I am writing today to help inform people who are new to the stock market and want to begin learning the link between Emerge Energy Services LP (NYSE:EMES)’s fundamentals and stock market performance.
Emerge Energy Services LP (NYSE:EMES) is currently trading at a trailing P/E of 24.2x, which is higher than the industry average of 13.4x. While EMES might seem like a stock to avoid or sell if you own it, it is important to understand the assumptions behind the P/E ratio before you make any investment decisions. In this article, I will deconstruct the P/E ratio and highlight what you need to be careful of when using the P/E ratio. View out our latest analysis for Emerge Energy Services
Breaking down the P/E ratio
P/E is often used for relative valuation since earnings power is a chief driver of investment value. By comparing a stock’s price per share to its earnings per share, we are able to see how much investors are paying for each dollar of the company’s earnings.
P/E Calculation for EMES
Price-Earnings Ratio = Price per share ÷ Earnings per share
EMES Price-Earnings Ratio = $7.28 ÷ $0.301 = 24.2x
The P/E ratio itself doesn’t tell you a lot; however, it becomes very insightful when you compare it with other similar companies. We preferably want to compare the stock’s P/E ratio to the average of companies that have similar features to EMES, such as capital structure and profitability. One way of gathering a peer group is to use firms in the same industry, which is what I’ll do. At 24.2x, EMES’s P/E is higher than its industry peers (13.4x). This implies that investors are overvaluing each dollar of EMES’s earnings. As such, our analysis shows that EMES represents an over-priced stock.
Assumptions to watch out for
Before you jump to the conclusion that EMES should be banished from your portfolio, it is important to realise that our conclusion rests on two assertions. The first is that our “similar companies” are actually similar to EMES, or else the difference in P/E might be a result of other factors. For example, if you compared higher growth firms with EMES, then its P/E would naturally be lower since investors would reward its peers’ higher growth with a higher price. The second assumption that must hold true is that the stocks we are comparing EMES to are fairly valued by the market. If this does not hold, there is a possibility that EMES’s P/E is lower because our peer group is overvalued by the market.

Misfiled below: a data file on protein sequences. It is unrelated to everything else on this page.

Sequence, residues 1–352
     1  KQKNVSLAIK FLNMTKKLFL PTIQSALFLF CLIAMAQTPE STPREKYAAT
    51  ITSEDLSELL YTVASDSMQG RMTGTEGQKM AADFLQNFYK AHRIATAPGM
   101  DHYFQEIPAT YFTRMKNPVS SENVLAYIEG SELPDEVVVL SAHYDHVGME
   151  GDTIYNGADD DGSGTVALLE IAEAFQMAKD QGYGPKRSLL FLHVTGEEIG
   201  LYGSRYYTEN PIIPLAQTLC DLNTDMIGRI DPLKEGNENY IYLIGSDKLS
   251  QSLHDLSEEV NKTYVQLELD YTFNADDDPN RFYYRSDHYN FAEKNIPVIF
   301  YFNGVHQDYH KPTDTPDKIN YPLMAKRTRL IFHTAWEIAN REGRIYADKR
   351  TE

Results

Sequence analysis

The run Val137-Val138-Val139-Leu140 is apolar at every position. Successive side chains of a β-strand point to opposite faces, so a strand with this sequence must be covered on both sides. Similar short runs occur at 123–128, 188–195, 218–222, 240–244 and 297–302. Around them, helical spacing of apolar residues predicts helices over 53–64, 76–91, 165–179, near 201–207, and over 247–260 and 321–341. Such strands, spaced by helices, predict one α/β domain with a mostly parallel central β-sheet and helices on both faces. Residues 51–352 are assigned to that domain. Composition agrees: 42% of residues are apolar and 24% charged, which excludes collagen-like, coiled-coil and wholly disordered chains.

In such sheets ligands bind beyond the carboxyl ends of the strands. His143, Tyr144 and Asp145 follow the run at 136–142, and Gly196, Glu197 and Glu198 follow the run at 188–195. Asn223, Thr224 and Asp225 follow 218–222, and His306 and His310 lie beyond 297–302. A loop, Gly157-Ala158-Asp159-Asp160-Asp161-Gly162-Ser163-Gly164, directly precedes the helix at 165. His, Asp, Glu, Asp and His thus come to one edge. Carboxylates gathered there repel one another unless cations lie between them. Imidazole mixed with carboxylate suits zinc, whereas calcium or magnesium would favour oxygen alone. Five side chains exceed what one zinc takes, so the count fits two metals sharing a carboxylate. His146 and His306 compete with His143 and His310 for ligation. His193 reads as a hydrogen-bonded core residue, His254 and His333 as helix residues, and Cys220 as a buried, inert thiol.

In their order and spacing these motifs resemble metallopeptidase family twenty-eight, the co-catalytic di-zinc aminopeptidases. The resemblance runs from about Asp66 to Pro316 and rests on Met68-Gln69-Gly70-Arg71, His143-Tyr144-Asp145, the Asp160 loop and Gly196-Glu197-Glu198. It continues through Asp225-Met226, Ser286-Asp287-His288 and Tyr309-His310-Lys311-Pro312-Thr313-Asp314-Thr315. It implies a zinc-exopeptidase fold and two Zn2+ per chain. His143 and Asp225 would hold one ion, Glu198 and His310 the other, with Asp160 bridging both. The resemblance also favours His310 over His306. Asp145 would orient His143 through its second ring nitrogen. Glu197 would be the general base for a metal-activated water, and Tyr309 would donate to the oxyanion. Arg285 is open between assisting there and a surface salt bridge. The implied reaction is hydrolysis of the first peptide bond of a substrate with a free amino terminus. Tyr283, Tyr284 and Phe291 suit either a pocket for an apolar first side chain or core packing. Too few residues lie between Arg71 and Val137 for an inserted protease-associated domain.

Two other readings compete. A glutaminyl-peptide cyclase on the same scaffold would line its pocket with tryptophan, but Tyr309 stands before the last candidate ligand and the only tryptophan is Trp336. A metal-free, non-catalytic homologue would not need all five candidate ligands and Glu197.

What this means for you:
Since you may have already conducted your due diligence on EMES, the overvaluation of the stock may mean it is a good time to reduce your current holdings. But at the end of the day, keep in mind that relative valuation relies heavily on critical assumptions I’ve outlined above. Remember that basing your investment decision off one metric alone is certainly not sufficient. There are many things I have not taken into account in this article and the PE ratio is very one-dimensional. If you have not done so already, I urge you to complete your research by taking a look at the following:
- Future Outlook: What are well-informed industry analysts predicting for EMES’s future growth? Take a look at our free research report of analyst consensus for EMES’s outlook.
- Past Track Record: Has EMES been consistently performing well irrespective of the ups and downs in the market? Go into more detail in the past performance analysis and take a look at the free visual representations of EMES’s historicals for more clarity.
- Other High-Performing Stocks: Are there other stocks that provide better prospects with proven track records? Explore our free list of these great stocks here.
To help readers see pass the short term volatility of the financial market, we aim to bring you a long-term focused research analysis purely driven by fundamental data. Note that our analysis does not factor in the latest price sensitive company announcements.
The author is an independent contributor and at the time of publication had no position in the stocks mentioned.